PowerShell offers cmdlets that make it significantly easier to process CSV files. This allows you to avoid the laborious parsing with RegEx or substring operations when you want to create, sort or filter CSV data. You can do this simply by addressing the columns in a CSV file as object attributes.

Wolfgang Sommergut

Wolfgang Sommergut has over 20 years of experience in IT journalism. He has also worked as a system administrator and as a tech consultant. Today he runs the German publication WindowsPro.de.

CSV is still the most common data exchange format for importing information from various applications into Excel. PowerShell is often used to extract system information as lists and tables which you can easily convert into CSV; you can then analyze this data in a spreadsheet.

The cmdlets Export-Csv and Convertto-Csv enable you to convert tabular data into comma-separated strings or collections of strings. One important note: you should not prepare the data with Format-Table beforehand.

The main difference between the two cmdlets is that Convertto-Csv sends its output to stdout, whereas Export-Csv additionally offers the functionality of Set-Content. Thus, Export-Csv is able to write CSV data into a file providing options such as the Append and NoClobber switches in order to append data or prevent overwriting existing files. In addition, you can determine the character set with the Encoding parameter (ASCII is default).

Writing AD users into a CSV file ^

For instance, if you want to write all Active Directory users of the Sales OU into a CSV file, you could use this command:

By default, both cmdlets insert a comma between the columns. However, you can change this behavior using the Delimiter parameter. Sticking with the previous example, the following command will insert a semicolon rather than a comma between columns:

If you want to work with a tabulator, you can use the expression -Delimiter (9 -as [char]).

Exporting AD users into a CSV file

Exporting AD users into a CSV file

Importing CSV files ^

The two counterparts to Export-CSV and Convertto-Csv come into play if you have to import CSV data for further processing. ConvertFrom-Csv and Import-Csv assume that the separator is a comma. If this isn't the case, you must specify the correct separator with the Delimiter parameter.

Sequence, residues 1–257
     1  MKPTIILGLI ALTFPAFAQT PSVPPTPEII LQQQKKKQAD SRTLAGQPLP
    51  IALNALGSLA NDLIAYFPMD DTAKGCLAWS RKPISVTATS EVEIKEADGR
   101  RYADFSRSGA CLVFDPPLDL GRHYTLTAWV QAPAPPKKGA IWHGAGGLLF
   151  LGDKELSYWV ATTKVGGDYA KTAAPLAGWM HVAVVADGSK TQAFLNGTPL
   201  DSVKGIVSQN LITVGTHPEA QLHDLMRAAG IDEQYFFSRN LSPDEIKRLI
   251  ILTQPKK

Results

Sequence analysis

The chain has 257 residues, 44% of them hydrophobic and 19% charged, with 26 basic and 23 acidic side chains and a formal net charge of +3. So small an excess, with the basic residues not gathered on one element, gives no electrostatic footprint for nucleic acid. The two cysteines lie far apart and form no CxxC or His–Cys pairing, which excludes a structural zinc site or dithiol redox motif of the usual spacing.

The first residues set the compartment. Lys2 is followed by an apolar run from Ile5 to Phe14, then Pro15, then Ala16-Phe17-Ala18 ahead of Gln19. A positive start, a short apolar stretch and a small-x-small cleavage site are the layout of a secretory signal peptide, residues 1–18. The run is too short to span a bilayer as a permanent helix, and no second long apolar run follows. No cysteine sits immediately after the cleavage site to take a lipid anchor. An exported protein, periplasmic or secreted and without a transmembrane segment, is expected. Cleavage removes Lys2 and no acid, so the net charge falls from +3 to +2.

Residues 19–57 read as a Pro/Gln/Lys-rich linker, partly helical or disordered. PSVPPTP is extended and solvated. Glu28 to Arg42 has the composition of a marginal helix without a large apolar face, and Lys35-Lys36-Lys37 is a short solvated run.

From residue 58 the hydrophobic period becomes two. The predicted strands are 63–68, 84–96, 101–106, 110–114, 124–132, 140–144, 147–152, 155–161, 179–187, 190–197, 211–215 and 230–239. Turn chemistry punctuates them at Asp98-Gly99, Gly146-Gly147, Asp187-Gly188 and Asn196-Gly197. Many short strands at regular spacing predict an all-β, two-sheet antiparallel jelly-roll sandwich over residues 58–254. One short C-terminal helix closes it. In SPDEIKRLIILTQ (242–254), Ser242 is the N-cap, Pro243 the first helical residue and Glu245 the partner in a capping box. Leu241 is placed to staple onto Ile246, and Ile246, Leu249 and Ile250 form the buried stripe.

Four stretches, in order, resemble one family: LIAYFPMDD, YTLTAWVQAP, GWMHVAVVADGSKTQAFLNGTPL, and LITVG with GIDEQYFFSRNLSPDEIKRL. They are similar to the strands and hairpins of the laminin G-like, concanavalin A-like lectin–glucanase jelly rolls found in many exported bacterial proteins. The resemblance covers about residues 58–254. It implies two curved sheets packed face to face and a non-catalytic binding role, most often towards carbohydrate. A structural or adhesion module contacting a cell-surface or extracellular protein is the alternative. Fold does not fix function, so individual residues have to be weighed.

After you import the CSV file, you can access each column through its title. However, if the column doesn't have a title, ConvertFrom-Csv and Import-Csv will just use the column's first value, which is probably not what you want.

For example, if you have a file named subscribers.csv that contains the column titles first name, name and mail, you can import the data with this command:

$a.Name will display the name column and $a.Mail the mail addresses. But if the CSV file doesn't have column titles, the parameter Header will add them for you:

Creating AD users from a CSV file ^

To remain with the AD user example above, it is a frequently used task to create a large number of accounts by importing the corresponding data from an Excel spreadsheet in order to pass it to New-ADUser:

Notice that the column titles in the CSV file must be identical to the parameter names of New-ADUser, and the file must not contain the type of information that PowerShell adds to an export.

If you want to preset the user passwords, you must consider that New-ADUser accepts only a SecureString for passwords. Therefore, you must convert the password first with ConvertTo-SecureString:

Sorting and filtering CSV files ^

Because you can address the columns of a CSV file through their names after the import, it is relatively easy to sort this data. In the example above, with columns for first name, name, and mail, you could sort the file by name with the following command:

You have all the features of Sort-Object available, such as sorting in ascending order or eliminating duplicates. Similarly, with the help of Select-Object, you can filter columns as well:

This command would display only the columns Mail and Name.

If you want to include only particular lines in the result, you usually must work with a comparison operator:

This example would include all records where the email address contains "meier."

If you want to filter a CSV file vertically or horizontally and save the result, you have to write the changes back with Export-Csv:

This command would export all entries with "meier" in the email address into sb.csv.

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